Study | Education and human resources | 2020-04-16

Making headway in fostering age-friendly workplaces for mature persons
Uptaking inclusive practices to keep them in work for longer

Creating and safeguarding jobs have been the Government’s prime objectives currently against the economic downturn pressure brought by COVID-19. The Government last week announced the second round Anti-epidemic Fund – a $137.5 billion package, which included an $80 billion Employment Support Scheme. While the city is preparing for the contingency, formulating a long-term and comprehensive manpower policy has a bearing on the competitiveness and long-term development of Hong Kong. The Bauhinia Foundation Research Centre (the Centre) today released a study on Extending the retirement age and working life: Options stretching beyond legislation, which has reviewed relevant ordinances on statutory retirement ages in Hong Kong and law enforcing experiences in the United Kingdom (UK) and Singapore. The study aimed to analyse whether by way of legislation can effectively help make workplaces age-friendly, and explore possible non-legislation options that may be considered.

The Centre's Chairman Mr Lau Ming-wai said, ‘Mature persons with rich experiences in life are invaluable human capital to our community. The Government, thus, should ponder over how to unlock the potential of labour force, and provide them with diverse opportunities and choices to facilitate their continuous contributions to society. By doing so, we can turn challenges into opportunities, and effectively alleviate the pressure imposed by an ageing population on public finance. Everyone may have his most desirable age for retirement. Making the workplace age-friendly is a shared responsibility of the whole society, it is time for society, employers and employees to work together paving the way towards progressive retirement.’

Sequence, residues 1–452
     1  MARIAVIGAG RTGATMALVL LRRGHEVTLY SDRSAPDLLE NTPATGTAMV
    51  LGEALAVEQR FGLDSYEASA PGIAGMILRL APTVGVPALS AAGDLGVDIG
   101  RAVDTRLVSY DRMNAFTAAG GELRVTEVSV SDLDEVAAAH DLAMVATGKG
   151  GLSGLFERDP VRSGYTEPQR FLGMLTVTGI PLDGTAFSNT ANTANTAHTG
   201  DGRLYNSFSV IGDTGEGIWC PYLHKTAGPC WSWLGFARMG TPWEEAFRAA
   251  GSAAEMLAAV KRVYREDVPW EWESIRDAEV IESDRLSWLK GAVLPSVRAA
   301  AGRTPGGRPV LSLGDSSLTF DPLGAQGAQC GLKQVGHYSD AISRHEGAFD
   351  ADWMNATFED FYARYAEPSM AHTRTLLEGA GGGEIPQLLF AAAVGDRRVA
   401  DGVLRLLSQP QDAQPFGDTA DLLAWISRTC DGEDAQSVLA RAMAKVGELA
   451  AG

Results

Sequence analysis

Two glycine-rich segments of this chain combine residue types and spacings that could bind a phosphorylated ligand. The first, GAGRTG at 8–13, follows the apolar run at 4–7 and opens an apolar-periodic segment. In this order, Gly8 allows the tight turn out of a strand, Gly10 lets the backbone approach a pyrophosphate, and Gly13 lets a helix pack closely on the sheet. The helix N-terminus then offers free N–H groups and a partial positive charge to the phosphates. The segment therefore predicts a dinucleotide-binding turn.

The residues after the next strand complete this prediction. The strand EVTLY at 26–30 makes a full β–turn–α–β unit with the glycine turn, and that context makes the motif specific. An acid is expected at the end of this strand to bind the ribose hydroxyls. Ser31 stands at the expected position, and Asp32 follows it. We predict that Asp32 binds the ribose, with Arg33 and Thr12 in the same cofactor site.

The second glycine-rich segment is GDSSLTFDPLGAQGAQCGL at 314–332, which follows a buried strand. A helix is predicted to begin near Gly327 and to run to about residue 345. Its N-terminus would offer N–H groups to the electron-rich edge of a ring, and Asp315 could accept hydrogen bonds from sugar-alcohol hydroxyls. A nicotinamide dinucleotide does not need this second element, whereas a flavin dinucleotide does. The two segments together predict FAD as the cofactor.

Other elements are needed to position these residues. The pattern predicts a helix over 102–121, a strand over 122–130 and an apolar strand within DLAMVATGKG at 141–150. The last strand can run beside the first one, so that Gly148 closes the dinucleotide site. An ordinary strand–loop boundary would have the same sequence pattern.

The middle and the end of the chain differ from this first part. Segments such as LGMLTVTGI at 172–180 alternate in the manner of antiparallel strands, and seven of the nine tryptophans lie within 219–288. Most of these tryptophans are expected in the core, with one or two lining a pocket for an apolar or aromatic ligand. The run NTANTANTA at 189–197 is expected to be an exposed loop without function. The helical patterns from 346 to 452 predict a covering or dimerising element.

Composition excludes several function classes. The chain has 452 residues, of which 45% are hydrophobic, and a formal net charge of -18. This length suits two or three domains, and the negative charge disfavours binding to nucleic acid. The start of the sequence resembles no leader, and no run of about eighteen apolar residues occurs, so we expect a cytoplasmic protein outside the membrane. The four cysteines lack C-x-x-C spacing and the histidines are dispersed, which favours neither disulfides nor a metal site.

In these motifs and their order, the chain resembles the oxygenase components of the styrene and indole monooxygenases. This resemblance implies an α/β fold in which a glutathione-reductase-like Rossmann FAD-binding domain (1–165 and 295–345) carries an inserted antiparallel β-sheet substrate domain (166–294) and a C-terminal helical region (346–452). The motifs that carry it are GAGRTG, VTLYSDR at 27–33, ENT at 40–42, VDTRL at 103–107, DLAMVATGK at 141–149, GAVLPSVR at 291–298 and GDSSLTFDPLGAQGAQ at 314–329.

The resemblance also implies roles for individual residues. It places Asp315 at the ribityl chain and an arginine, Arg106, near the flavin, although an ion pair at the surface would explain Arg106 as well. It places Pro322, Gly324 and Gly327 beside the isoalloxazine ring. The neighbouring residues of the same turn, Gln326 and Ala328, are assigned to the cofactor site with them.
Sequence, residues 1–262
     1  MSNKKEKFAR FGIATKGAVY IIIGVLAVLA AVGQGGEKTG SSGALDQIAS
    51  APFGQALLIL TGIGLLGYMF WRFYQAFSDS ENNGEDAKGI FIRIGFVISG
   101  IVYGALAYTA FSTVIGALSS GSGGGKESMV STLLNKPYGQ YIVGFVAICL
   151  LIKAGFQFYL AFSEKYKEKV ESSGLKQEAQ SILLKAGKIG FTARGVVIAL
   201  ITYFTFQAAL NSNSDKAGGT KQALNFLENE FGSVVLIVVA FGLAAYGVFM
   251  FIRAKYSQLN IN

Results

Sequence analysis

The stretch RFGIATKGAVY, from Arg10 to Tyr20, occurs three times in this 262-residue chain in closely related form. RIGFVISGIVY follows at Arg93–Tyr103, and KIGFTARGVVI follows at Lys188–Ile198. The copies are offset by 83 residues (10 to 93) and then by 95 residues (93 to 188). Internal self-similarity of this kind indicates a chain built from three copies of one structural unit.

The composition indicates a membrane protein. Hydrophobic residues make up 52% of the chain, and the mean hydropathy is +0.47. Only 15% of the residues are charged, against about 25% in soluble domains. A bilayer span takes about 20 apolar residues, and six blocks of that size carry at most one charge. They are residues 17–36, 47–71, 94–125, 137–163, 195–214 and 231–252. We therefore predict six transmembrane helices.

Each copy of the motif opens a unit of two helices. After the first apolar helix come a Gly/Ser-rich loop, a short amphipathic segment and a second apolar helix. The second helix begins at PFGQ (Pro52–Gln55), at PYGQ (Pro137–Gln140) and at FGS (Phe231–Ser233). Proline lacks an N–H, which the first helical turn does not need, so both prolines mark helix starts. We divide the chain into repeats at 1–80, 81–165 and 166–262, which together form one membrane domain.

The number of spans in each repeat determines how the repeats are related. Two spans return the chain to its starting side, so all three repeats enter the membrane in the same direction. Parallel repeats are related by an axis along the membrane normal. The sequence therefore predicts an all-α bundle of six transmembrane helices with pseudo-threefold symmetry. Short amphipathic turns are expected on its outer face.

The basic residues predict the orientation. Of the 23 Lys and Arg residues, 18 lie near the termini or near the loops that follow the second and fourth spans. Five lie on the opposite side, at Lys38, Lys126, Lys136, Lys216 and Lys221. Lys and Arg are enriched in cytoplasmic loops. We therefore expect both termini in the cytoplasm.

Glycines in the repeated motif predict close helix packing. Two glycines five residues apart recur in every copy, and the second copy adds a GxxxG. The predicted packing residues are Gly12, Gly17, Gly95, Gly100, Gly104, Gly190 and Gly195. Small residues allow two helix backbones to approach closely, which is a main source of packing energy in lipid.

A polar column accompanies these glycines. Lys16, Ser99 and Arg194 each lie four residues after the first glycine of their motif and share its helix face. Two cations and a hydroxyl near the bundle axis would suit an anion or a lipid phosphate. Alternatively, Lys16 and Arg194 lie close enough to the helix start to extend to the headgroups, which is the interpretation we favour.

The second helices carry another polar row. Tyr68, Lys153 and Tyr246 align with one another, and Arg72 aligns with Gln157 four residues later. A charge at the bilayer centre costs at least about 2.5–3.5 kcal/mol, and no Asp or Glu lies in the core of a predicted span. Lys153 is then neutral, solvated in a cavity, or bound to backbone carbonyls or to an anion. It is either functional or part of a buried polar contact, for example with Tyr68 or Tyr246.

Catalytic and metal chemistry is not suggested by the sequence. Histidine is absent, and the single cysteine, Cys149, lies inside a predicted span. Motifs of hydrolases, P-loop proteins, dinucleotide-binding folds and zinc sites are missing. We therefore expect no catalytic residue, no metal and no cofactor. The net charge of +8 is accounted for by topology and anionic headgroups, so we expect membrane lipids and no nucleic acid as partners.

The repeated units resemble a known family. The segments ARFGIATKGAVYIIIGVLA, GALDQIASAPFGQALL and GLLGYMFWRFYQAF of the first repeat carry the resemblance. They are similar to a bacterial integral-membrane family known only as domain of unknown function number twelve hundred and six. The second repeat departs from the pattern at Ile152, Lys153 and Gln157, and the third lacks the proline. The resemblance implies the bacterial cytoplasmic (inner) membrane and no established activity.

According to the Centre’s study of ‘Where to find new key driver: The Emergence of Post-50 cohort, Hong Kong’s manpower strategies start afresh’ (Post-50 Study) released earlier this year, from 1998 to 2018, the labour force aged 50 or above recorded an increase of approximately 800,000 persons, while the labour force aged 15 to 49 reduced by around 270,000 persons. It indicated that the Post-50 cohort has become a new key driver of the labour market over that 20 years. Medical advances and an increase in life expectancy have made it possible that mature persons who are healthy and capable of working can extend their working life. In recent years, some overseas countries have encouraged able and willing elders to work longer through raising statutory retirement age or introducing legislation to deal with age discrimination in employment.

Hong Kong: No mandatory retirement age, yet anti-age discrimination legislation is not without controversy

There is no mandatory retirement age in Hong Kong, although retirement age limits are set in specific occupations (such as civil servants and security guards) on need basis. In recent years, the Government indicated that encouraging more citizens to work and extending their working life are one of the population policy objectives. Despite the fact that government departments and a number of public organisations have already extended the retirement age and amended existing laws to raise the statutory retirement age of certain occupations, the current labour force participation rate among mature persons is still lower than that of Singapore, Japan and South Korea. Also, the average retirement age in Hong Kong is even earlier than the above-mentioned Asian countries, as well as some of the Western countries.